For example, Callahan writes, “Before state legislatures vote for an Article V con-con proposal that could cause real and radical damage to our Constitution, they should first consider whether a balanced budget amendment is necessary and whether it would actually steer our republic away from the fiscal problems we are facing. The fact is that determined citizens and state legislators could rescue the United States from its financial peril without opening up the Constitution to tinkering by state-appointed delegates, many of whom would be bought and paid for by special interests and corporations.”

Given that every American citizen is a member of at least one “special interest” (most of us are members of several special interests), one wonders exactly which special interests Callahan would want to exclude. And since corporations are comprised of shareholders and employees… all citizens with property rights… one wonders which of those shareholders and employees he might want to disenfranchise.

If Mr. Callahan is intent upon opposing a constitutional convention on the grounds that members of special interests, corporate stakeholders, and working men and women would unfairly or unwisely influence the work product of a constitutional convention, I think he owes it to the rest of us to be much more specific about his concerns.

Callahan appears to be under the impression that delegates to an Article V convention would somehow amend the Constitution. He appears not to understand that the sole purpose of the convention is to agree on which elements of the current Constitution require fine-tuning, and to agree on the wording of amendments to be referred back to the states for ratification by three-fourths of the states. It is a process that contains not only maximum checks and balances, but the opportunity for maximum input by the American people.

In discussing Levin’s proposal for a balanced budget amendment, Callahan writes, “And don’t forget, a committed, concerned, and constitutionally aware citizenry can balance our budget more quickly than any balanced budget amendment…” One wonders where that “committed, concerned, and constitutionally aware citizenry” has been hiding in all the years since those on the political left decided to turn our constitutional republic into a socialist welfare state.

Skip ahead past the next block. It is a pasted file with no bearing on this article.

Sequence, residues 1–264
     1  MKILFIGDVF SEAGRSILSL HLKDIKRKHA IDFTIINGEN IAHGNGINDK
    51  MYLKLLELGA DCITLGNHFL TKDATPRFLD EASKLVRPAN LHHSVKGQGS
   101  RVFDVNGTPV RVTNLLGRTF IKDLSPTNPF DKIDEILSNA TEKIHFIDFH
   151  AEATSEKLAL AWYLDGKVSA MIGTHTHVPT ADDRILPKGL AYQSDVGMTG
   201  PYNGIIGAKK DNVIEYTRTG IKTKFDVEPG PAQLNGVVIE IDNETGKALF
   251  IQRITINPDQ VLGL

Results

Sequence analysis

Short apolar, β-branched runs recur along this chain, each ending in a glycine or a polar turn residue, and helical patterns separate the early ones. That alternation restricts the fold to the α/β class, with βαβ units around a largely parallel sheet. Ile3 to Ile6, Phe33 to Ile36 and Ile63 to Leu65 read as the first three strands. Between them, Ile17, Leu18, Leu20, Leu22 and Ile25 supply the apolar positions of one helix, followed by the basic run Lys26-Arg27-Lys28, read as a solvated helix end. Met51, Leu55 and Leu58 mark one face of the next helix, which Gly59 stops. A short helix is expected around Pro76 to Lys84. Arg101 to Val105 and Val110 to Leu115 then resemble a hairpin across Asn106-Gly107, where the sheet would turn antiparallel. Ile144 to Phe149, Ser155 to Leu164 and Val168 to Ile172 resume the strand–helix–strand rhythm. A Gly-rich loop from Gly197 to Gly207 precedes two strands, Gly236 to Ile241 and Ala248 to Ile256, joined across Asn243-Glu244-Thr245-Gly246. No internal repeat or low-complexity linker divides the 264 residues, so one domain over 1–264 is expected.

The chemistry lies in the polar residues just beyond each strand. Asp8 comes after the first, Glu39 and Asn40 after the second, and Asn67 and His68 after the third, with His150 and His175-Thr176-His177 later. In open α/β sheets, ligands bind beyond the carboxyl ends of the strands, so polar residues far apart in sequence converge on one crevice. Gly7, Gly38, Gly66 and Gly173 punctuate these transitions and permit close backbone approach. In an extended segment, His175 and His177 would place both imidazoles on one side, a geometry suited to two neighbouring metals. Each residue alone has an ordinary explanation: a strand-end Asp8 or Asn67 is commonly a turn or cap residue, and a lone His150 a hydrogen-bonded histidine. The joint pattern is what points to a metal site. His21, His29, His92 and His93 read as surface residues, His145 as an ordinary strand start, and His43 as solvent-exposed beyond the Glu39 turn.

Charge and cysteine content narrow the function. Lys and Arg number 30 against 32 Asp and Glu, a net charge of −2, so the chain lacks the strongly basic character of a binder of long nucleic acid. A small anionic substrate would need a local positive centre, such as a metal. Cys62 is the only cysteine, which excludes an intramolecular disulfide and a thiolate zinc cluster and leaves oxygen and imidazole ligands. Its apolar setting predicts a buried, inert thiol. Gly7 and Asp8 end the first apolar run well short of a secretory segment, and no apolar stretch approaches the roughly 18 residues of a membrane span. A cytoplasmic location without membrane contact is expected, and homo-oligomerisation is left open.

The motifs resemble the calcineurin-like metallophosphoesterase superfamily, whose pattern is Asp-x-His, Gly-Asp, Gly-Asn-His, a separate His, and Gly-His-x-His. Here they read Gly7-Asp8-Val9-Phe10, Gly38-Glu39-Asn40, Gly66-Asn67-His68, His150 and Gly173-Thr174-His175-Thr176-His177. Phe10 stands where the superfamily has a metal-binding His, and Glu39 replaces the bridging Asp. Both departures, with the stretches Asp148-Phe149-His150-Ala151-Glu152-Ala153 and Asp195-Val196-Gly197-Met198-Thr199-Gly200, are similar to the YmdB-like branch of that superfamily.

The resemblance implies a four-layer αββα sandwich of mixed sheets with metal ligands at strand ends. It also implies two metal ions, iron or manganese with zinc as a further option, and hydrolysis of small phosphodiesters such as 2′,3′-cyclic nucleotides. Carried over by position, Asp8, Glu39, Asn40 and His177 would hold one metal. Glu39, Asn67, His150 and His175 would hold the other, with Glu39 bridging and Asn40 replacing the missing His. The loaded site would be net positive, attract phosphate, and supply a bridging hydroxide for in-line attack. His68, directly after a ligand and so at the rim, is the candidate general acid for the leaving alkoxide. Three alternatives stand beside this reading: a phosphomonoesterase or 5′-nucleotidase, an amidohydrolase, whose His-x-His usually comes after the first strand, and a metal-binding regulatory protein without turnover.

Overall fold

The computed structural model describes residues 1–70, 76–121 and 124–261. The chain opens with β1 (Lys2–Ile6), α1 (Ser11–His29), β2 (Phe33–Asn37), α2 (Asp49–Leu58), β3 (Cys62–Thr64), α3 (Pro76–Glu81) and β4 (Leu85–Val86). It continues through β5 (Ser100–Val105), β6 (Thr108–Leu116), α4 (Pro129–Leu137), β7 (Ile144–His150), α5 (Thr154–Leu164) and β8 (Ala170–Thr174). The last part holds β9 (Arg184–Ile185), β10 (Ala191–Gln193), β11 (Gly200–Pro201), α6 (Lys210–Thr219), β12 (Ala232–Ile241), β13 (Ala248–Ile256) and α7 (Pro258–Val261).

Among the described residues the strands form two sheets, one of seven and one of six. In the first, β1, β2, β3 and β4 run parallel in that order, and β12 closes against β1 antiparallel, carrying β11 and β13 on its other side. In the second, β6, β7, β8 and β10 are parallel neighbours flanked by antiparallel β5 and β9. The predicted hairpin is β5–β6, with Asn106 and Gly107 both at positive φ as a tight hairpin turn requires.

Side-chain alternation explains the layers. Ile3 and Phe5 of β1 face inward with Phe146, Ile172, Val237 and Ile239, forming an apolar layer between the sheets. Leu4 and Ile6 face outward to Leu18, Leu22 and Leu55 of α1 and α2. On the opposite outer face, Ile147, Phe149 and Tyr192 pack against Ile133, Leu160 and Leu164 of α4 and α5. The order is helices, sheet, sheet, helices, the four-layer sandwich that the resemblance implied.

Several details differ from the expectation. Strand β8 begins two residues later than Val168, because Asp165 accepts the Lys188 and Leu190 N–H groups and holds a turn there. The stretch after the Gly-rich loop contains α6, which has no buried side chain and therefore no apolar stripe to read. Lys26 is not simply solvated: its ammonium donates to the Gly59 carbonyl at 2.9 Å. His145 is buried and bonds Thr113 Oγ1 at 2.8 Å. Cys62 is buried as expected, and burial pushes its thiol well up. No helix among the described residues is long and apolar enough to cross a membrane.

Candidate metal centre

Callahan states that, “… those calling for a new constitutional convention claim that a new con-con could accomplish just as much as the first convention and be kept from becoming a ‘runaway convention’ that could result in a new constitution, one that doesn’t resemble the current one.”

Conversely, is it realistic to suggest that those millions of people across the country who turned 78% of the 3,113 U.S. counties red, vs. blue, are going to sit back and allow their states to send a delegation of progressive flakes to a constitutional convention, or to suggest that the delegates elected by all those red-county voters are going to go to the convention and support a left wing wish-list?

Of course, liberal cesspools such as California, Connecticut, Hawaii, Maryland, Massachusetts, New Jersey, Oregon, Rhode Island, and Minnesota could be expected to elect a slate of delegates who would be the ideological polar opposites of the Founding Fathers of 1787, but to what end? The numbers are not on their side. They would be regularly outvoted by red state delegates. Even former liberal strongholds such as Michigan, Missouri, Pennsylvania, and Wisconsin have come to their senses and have elected Republican-controlled legislatures.

Arguably, Levin omitted a constitutional amendment to Article II, Section 1, Clause 3. The states should be given the opportunity to consider an electoral system now used only by the states of Maine and Nebraska. Under the Maine-Nebraska system, the candidates for president and vice president receiving the largest number of votes statewide in each state are awarded the state’s two at-large electoral votes, while the remainder of each state’s electoral votes are awarded to the candidates receiving a majority of the votes in each congressional district. Levin also overlooked the need to establish once and for all the definition of the term “natural born Citizen,” as required by Clause 5 of Article II, Section 1. The illegitimate presidencies of Republican Chester A. Arthur (1881-85) and Democrat Barack Obama (2009-?) require that the term “natural born Citizen” be defined to mean only those individuals born to parents, both of whom were U.S. Citizens at the time of the birth, regardless of place of birth.

We have nothing to fear from a constitutional convention; we have everything to gain.